Despite opposition to insurance tax, NC transportation funding proposal gets positive reviews

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RALEIGH, North Carolina — A proposal to narrow North Carolina's long-term transportation funding shortfall by relying less on gasoline taxes and more on driver's fees and taxes on car sales won mostly favorable reviews Tuesday from lawmakers and road-funding advocates.

Although part of the measure to place a new premiums tax on all automobile insurance policies got panned by the industry and may get pulled by its sponsor, speakers at a House Transportation Committee meeting were pleased such a tough discussion was taking place.

"I want to commend the bill's sponsors for having the political fortitude or guts to introduce this bill," said Berry Jenkins representing NC GO!, a coalition of local governments and road-building trade groups. "I like the fact that you've tried to spread the pain around."

A 2012 report for the state Department of Transportation estimated $32 billion in extra funds will be needed by 2040 to maintain existing conditions, rising to as much as $94 billion to improve conditions. The original proposal, which wasn't voted upon and faces some retooling, ultimately would generate $593 million in net funds annually for the state by mid-2020, according to a legislative staff analysis.

"This is a work in progress," said Rep. Phil Shepard, R-Onslow, one of the committee's co-chairmen who filed the bill, "but I think we all realize that we need to do more for our infrastructure in the Department of Transportation."

While the measure would reduce the state's gasoline tax starting this summer from the current 36 cents to 30 cents, it also raises existing Division of Motor Vehicle fees like for licenses and registrations by 50 percent and the tax on car sales from 3 percent of the price to 4 percent. The gasoline tax would adjust annually starting in 2017 based on a newly approved formula that takes inflation and population into account.

There also would be financial triggers to raise the gas tax or the car sales tax if federal funds for state highway projects decline markedly.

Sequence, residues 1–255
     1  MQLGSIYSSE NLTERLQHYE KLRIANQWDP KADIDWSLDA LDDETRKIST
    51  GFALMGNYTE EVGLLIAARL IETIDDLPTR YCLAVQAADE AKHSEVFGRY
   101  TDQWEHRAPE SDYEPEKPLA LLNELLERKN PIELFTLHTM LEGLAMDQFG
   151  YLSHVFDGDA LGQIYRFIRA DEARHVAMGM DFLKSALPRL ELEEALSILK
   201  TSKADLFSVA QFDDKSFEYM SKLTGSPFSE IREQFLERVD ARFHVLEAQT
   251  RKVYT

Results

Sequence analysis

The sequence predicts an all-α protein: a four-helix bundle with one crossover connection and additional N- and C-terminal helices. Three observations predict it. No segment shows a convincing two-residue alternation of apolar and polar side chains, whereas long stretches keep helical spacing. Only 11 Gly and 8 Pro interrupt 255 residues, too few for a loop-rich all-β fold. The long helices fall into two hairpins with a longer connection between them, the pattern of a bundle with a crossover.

Insurance Commissioner Wayne Goodwin and insurance industry lobbyists spoke in the committee against a proposed new 6.5 percent tax on the value of automobile insurance premiums. Goodwin, a Democrat, said the proposal would raise more than $400 million by the 2016-17 fiscal year, and companies would pass the cost along to consumers.

"It would be definitely an increase in car insurance costs for North Carolina drivers," Goodwin said.

Rep. John Torbett, R-Gaston and another bill sponsor, said the provision would be removed from any later version of the bill that is debated. After the meeting Torbett wouldn't rule out inserting a similar tax proposal later. But "I don't see it" resurfacing, he added.

The bill would also spend $300 million the next fiscal year and $530 million annually for the following three years to repave both state and city-maintained roads, repair bridges and improve state ports with dredging projects. Dredging got attention of lawmakers this year after an inlet channel at the Morehead City port became too shallow for full ships to enter, prompting emergency federal funds to deepen it.

The earmarked money would be used for more general transportation projects after those four years.

"We've got a lot of roads that need to be fixed," said Rep. Michael Speciale, R-Craven, adding the bill "is a great start."

The proposal would also phase out the state's annual $196 million transfer from the Highway Fund to pay for the state Highway Patrol and envisions a program whereby DOT would repair potholes reported by motorists within two business days.

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